The Vermilion Gun Club held the first competition of the year on June 4 and 5 welcoming 27 competitors to showcase their skills with classic single-action guns, rifles, and double barrel shotguns in a Cowboy Action Match. This fun match had competitors divide into two posses, then safely and accurately shoot their way through 12 stages over the two days they were down at the range. Contestants must safely follow a series of steps at each stage, with four members of their posse at each stage to help ensure the safe loading and unloading of the firearms. Gun Club director and competition organizer Blaine Felt emphasized the importance of the safety procedures, “Safety is paramount in this competition, it is safer than people realize”.
Not following the safety measures in place can result in a cowboy not only getting time penalties added on to their score but they can also be disqualified for not adhering to them. The shooters can also receive time violations for missing targets, procedural errors, and not unloading properly at the end of each stage.
The competition isn’t all about cowboy action, there is also the opportunity for some fellowship and connecting with some very talented shooters. Contestants were also treated to a swap meet and supper at Johnston’s Campground Saturday evening.
Attending the first competition since her appointment to the position, Chief Firearms Officer for Alberta, Teri Bryant stopped in on Saturday to meet competitors and Gun Club members. Bryant will be attending shows and competitions to build and enhance relationships within all aspects of the firearms community in Alberta.
There are Chief Firearms Officers in every province and territory, but Bryant is only one of the two provincially appointed Officers (Saskatchewan is the other province) who can advocate for positive change to improve public safety.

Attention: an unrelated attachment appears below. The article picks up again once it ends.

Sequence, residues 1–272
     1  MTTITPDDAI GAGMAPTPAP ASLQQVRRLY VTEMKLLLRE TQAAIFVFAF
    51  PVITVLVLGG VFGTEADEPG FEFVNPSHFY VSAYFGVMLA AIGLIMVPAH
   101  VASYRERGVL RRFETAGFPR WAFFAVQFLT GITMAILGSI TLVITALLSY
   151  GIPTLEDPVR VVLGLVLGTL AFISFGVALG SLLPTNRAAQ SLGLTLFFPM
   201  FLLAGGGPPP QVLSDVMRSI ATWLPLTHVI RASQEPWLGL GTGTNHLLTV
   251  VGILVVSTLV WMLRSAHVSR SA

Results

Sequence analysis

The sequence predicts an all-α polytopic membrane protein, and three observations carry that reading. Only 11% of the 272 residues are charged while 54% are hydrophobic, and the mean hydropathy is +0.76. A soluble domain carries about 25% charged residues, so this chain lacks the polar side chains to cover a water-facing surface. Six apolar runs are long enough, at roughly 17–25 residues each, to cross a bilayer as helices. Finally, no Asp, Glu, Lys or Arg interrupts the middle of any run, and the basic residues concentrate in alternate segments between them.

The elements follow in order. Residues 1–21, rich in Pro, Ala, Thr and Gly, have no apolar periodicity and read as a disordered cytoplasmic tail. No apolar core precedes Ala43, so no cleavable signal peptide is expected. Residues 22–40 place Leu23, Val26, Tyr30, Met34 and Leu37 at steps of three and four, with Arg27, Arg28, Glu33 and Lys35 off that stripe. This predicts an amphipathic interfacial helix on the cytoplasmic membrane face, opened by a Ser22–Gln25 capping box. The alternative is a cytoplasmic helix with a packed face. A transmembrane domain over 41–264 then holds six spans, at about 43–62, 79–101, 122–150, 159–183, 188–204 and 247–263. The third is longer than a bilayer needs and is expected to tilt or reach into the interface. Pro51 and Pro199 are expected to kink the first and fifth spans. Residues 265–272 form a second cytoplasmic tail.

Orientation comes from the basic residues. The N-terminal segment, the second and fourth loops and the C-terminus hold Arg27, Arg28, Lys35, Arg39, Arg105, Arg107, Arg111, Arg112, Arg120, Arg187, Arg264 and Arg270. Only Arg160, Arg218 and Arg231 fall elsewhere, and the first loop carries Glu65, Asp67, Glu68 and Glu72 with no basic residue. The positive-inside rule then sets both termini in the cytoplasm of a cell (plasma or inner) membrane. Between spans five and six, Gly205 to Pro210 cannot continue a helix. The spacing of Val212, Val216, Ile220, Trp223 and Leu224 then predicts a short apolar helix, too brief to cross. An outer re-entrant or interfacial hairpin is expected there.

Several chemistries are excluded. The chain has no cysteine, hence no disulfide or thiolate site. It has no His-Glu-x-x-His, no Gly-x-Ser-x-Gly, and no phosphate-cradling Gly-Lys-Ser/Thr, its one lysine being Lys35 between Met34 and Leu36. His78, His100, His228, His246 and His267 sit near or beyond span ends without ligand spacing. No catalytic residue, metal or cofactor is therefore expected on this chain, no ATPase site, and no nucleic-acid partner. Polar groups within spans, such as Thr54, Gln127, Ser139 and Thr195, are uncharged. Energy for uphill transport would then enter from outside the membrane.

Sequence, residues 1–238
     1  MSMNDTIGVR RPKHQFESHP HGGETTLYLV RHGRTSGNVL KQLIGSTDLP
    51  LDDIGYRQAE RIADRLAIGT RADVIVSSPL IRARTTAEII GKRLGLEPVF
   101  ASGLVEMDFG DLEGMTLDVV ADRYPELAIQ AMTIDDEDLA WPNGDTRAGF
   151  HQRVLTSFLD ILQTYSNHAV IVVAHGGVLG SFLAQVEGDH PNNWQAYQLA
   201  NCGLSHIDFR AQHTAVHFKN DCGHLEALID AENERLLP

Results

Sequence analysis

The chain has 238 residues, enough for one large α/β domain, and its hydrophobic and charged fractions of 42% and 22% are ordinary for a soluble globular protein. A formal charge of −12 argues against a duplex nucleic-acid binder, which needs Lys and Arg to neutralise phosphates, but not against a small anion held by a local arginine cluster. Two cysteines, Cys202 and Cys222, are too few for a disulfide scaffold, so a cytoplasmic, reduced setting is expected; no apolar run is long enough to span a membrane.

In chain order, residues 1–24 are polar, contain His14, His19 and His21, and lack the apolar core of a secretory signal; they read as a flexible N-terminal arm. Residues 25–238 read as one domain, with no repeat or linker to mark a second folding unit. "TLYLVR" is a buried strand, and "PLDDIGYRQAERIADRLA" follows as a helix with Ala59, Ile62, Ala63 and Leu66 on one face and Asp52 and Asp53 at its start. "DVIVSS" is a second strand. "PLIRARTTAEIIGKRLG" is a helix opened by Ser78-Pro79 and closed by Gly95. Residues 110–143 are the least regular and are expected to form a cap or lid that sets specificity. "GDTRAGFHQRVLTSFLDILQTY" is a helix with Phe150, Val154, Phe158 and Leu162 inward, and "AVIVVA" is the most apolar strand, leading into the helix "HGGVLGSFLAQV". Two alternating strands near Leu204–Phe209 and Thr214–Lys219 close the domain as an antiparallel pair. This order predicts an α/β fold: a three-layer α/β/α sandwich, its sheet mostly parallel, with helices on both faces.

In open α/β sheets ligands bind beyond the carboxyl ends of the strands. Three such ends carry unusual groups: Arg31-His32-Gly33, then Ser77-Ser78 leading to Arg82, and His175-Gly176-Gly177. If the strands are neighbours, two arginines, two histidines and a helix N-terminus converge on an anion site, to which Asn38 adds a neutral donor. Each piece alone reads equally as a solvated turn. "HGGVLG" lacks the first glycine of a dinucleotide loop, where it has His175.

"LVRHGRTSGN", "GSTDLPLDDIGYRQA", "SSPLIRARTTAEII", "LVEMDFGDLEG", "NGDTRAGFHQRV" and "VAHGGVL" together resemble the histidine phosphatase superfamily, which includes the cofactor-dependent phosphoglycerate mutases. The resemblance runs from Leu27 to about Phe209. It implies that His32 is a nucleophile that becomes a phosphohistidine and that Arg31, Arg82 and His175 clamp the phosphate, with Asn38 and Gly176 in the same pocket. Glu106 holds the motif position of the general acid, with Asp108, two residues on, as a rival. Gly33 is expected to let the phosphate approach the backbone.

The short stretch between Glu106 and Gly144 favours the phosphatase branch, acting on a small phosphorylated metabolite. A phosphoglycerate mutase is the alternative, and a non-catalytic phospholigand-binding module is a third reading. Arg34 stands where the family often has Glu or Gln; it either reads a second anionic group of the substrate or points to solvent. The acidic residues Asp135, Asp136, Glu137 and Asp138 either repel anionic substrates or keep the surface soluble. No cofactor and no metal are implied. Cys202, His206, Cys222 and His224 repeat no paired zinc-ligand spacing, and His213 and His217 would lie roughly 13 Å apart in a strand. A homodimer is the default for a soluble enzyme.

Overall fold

In a discussion with Bryant regarding the Liberals reintroduction of Bill C-21 this past week (see also a release from MP Shannon Stubbs in this issue), she pointed out the shortcomings of the three major goals of the bill. The goals of C-21 include a freeze on handgun sales and transfering, accelerating the timeline for the Orders in Council regarding the confiscation of certain firearms throughout Canada, and establishing stricter magazine regulations for particular cartridges. Like many other firearm supporters and advocates, Bryant notes that these three goals are not helpful to the prevention of gun violence and crime, but will instead simply create a large financial bill for the Canadian Government and taxpayers. Not only will there be the costs of financial compensation for the confiscation program, but there is also the manpower cost to organize, set up and manage the program. Not to mention the added responsibilities to local police authorities in executing the program and then managing the storage and destruction of the confiscated weapons.
“Canada already possesses strict rules regarding the purchase of legal firearms”, she stated. “Screening needs to be more focused, and should focus on the person looking to acquire a firearm, not the type of firearm they are purchasing.”
“It is really important that law-abiding firearm owners continue to hold their events, such as gun shows and competitions to provide opportunities for the creation and preservation of a positive firearms culture to counteract misleading and harmful images seen in the media and elsewhere,” says Bryant.